That’s the message Microsoft is sending for its next-gen console, as the company announced today that it’s giving independent developers the ability to self-publish on the Xbox One.
Microsoft gave us this statement from Marc Whitten, Xbox corporate vice president:
“Our vision is that every person can be a creator. That every Xbox One can be used for development. That every game and experience can take advantage of all of the features of Xbox One and Xbox LIVE. This means self-publishing. This means Kinect, the cloud, achievements. This means great discoverability on Xbox LIVE. We’ll have more details on the program and the timeline at gamescom in August.”
That’s a stark contrast from the rules on the Xbox 360, which forces developers to go through a third-party publisher or Microsoft Studios if they want to release games.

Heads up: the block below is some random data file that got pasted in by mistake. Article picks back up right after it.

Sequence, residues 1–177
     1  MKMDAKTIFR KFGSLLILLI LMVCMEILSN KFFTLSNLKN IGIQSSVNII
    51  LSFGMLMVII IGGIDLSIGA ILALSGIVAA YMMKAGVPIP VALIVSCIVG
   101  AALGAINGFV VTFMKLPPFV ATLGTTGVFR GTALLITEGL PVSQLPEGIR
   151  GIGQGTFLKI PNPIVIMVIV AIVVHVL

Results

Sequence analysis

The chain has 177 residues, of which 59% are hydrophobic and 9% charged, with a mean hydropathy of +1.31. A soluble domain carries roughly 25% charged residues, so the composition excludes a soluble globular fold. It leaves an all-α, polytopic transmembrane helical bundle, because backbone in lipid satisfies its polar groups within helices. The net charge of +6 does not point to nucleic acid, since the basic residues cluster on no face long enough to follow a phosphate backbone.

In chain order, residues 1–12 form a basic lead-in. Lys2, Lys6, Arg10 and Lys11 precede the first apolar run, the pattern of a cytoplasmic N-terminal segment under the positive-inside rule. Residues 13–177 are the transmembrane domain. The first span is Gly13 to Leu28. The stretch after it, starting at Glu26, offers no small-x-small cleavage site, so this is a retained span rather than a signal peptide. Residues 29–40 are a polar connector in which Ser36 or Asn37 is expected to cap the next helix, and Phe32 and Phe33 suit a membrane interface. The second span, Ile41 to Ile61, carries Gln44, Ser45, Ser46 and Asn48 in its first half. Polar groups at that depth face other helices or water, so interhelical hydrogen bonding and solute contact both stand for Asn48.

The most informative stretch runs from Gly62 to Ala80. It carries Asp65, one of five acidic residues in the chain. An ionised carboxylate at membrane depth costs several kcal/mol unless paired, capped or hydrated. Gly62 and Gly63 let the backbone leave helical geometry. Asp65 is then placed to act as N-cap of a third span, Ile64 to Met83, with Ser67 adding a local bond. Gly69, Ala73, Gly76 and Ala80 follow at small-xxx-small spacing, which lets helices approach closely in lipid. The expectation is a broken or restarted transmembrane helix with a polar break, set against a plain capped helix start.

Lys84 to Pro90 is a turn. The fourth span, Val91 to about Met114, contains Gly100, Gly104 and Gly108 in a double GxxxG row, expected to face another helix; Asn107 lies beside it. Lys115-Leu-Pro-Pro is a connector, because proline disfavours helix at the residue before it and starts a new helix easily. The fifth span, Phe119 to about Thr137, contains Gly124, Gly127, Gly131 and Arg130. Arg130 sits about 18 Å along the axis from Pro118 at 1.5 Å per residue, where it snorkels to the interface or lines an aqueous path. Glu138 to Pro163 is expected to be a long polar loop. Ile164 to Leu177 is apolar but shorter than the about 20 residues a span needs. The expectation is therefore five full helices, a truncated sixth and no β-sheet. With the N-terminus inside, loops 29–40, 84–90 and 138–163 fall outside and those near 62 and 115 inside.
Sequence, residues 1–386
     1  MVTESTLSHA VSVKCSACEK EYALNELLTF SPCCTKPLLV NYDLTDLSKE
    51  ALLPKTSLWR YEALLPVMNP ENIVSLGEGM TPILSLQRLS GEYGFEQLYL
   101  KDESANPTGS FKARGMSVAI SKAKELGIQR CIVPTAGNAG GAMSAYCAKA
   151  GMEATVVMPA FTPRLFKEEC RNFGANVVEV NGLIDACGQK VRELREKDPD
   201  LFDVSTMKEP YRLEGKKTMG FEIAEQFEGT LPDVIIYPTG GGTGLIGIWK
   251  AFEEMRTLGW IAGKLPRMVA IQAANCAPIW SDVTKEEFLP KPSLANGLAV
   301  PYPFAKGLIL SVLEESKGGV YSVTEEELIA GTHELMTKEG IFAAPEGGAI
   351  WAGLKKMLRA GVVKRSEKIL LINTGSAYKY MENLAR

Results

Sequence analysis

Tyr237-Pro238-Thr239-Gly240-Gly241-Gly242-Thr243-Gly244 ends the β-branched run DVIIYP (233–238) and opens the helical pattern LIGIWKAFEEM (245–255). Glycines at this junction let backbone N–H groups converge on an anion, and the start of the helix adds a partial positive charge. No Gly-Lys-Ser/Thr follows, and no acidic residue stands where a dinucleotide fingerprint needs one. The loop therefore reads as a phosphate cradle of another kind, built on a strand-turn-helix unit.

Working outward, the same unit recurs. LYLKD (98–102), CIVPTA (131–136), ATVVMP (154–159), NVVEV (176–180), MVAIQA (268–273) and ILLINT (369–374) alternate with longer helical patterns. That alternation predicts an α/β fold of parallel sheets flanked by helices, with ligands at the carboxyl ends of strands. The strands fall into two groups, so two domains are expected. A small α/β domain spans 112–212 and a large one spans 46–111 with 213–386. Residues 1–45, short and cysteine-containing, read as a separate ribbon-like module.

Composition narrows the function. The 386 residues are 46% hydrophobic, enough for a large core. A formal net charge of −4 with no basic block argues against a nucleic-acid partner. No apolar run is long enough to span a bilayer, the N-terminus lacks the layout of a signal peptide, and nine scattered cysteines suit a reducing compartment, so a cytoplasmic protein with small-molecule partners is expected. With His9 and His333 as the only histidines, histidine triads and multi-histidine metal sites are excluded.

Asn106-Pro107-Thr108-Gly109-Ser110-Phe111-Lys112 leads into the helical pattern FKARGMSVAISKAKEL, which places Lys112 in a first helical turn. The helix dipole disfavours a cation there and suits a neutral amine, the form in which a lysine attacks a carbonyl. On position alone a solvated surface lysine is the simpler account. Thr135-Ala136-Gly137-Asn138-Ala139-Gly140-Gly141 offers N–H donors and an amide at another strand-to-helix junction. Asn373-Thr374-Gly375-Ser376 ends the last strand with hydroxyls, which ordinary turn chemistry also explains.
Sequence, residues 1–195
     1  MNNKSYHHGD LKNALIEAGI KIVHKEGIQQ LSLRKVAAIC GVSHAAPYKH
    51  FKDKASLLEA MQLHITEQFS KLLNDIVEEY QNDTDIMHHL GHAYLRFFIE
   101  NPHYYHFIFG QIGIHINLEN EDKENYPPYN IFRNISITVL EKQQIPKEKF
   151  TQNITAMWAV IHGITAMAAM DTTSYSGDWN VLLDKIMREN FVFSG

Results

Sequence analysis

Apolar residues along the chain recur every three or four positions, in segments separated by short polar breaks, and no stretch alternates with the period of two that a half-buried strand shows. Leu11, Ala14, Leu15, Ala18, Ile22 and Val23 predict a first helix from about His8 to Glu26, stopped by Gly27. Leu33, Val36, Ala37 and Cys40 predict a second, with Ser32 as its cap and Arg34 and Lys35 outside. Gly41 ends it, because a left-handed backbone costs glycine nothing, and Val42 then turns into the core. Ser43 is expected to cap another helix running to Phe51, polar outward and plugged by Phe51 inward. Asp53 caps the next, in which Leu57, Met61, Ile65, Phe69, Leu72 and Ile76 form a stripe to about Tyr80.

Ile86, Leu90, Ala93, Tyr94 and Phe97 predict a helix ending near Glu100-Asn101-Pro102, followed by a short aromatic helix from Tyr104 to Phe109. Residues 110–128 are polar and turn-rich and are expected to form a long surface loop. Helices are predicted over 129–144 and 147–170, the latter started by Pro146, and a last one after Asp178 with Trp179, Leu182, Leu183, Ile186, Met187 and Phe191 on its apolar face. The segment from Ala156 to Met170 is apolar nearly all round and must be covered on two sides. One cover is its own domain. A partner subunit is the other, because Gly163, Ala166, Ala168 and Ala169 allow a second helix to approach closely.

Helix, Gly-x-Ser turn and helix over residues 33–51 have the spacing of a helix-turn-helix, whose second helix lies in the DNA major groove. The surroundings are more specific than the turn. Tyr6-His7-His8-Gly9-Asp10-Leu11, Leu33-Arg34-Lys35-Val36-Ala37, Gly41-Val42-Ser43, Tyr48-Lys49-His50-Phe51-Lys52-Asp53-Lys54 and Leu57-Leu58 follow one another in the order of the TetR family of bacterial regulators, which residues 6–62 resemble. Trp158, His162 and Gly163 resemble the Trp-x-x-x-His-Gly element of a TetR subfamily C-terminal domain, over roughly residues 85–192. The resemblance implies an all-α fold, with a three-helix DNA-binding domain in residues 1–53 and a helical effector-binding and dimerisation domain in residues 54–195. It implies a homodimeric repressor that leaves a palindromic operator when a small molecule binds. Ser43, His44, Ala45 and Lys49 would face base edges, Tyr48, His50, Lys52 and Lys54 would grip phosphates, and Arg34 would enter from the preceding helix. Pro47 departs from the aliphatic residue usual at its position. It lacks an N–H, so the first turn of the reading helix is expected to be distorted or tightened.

It’s also somewhat of an Xbox One rule reversal — sound familiar? — after Microsoft said in May that developers would not be able to publish content themselves on console, though the company has been supportive of indie developers on the Xbox One.
Still, this all won’t be possible when the Xbox One hits shelves this winter. Whitten told Polygon that it may take up to a year before Microsoft allows indie developers to create their own titles.
Sony, meanwhile, allows self-publishing on all its platforms, including the new PlayStation 4 that will go on sale later this winter.
- key specs
- reviews • 23
- Game formatOptical disc, Downloadable
- Online featuresMultiplayer, Voice chat, Video chat, Store, Browser
- Drive capacity500 GB
- Controller typeWired, Wireless
- Motion controlsCamera / optical
- Video outputsHDMI
Microsoft Xbox 360